A new report by the Uganda Human Rights Commission (UHRC) has highlighted a lot of human rights violations in the petroleum sector.
The report, "Oil in Uganda: Emerging Human Rights Issues", was released last week. It follows complaints of human rights violations in the oil communities.
In May last year, UHRC received a petition from residents about human rights violations in the refinery area of Kabaale parish, Buseruka sub-county, Hoima district. In addition to the petition on the refinery, the commission had also received numerous allegations of violations in areas of Nwoya, Nebbi and Amuru districts.
These included irregularities in the valuation and disclosure of compensation rates, coercion of the affected residents to accept unfair compensation rates and delayed payments, among others. The report reveals a string of human rights violations, including delayed payments, and sexual harassment.
On sexual harassment, the report said the commission received a lot of complaints from women in oil camps. However, the report does not mention which oil companies were guilty of committing these crimes.
"A case in point is where failure to prepare for the influx of mostly male construction workers results in increased sexual exploitation of or abuse against local women and children. There were several allegations of sexual harassment within oil camps," the report reads.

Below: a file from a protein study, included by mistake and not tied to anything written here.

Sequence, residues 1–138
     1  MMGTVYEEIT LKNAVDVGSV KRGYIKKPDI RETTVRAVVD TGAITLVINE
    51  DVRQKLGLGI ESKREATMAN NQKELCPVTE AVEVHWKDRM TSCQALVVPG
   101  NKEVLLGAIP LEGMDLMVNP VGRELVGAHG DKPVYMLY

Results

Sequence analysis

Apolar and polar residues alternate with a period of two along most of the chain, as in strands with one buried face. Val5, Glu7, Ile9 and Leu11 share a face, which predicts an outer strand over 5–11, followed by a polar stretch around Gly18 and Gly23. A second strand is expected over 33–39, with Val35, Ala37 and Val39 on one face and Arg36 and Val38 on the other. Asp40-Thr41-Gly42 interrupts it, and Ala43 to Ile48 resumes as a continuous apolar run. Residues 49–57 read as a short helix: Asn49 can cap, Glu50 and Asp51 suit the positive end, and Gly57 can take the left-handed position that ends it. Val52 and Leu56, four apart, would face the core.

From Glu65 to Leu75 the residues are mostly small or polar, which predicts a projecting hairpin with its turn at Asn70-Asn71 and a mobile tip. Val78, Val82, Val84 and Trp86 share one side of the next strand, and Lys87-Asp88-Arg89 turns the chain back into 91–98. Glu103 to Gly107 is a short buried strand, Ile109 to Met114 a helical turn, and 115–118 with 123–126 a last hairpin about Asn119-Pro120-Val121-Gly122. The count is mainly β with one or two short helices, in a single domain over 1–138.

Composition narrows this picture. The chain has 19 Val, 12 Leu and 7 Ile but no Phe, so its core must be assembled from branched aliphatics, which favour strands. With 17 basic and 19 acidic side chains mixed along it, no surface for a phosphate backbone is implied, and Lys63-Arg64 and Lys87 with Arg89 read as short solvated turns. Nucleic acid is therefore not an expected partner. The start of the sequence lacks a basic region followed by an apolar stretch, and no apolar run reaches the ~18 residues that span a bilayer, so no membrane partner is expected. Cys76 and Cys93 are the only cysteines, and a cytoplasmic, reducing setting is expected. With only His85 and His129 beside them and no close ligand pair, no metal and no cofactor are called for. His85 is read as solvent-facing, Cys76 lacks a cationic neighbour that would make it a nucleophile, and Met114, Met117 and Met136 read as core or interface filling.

"It was further alleged that some of the Turks constructing the Hoima-Kaiso-Tonya road were procuring prostitutes and ending up inviting a number of their colleagues who gang-rape them."
The investigations were conducted from August to November last year in Hoima, Buliisa, Nwoya, Amuru and Nebbi districts. The commission also investigated allegations of unfair and meagre compensation rates in the oil refinery area.
It found that, save for a few isolated cases, the compensations were largely fair.
Residents in the oil frontline districts also complained that they were often sidelined when it came to access to jobs. One of the community members in Kisomere village, Ggwendo sub-county, Hoima district, is quoted to have said: "They don't give us jobs on the pretext that we are not qualified, yet they go and bring people as drivers from Mbarara who can't even speak broken English."
The commission also noted that there was a communication gap between local employees and oil companies. In the specific case of Cnooc, the locals could hardly understand Chinese and depended on gestures, which were sometimes not well understood.
There were also complaints about irregular land sales.
"In Buliisa district, people are selling communal land, without following proper procedures as provided by law," the report notes.
It is said that one Kampala-based businessman owns more than 80 per cent of the land with oil wells in the area.
"How come that wherever he buys a piece of land, an oil well is discovered there?" one resident is quoted as saying.
The report recommends that government should expedite payment of compensation for the refinery-affected people so that it is not devalued by delays. It also asked the ministry of Gender, Labour and Social Development to investigate the allegations of sexual harassment in oil camps.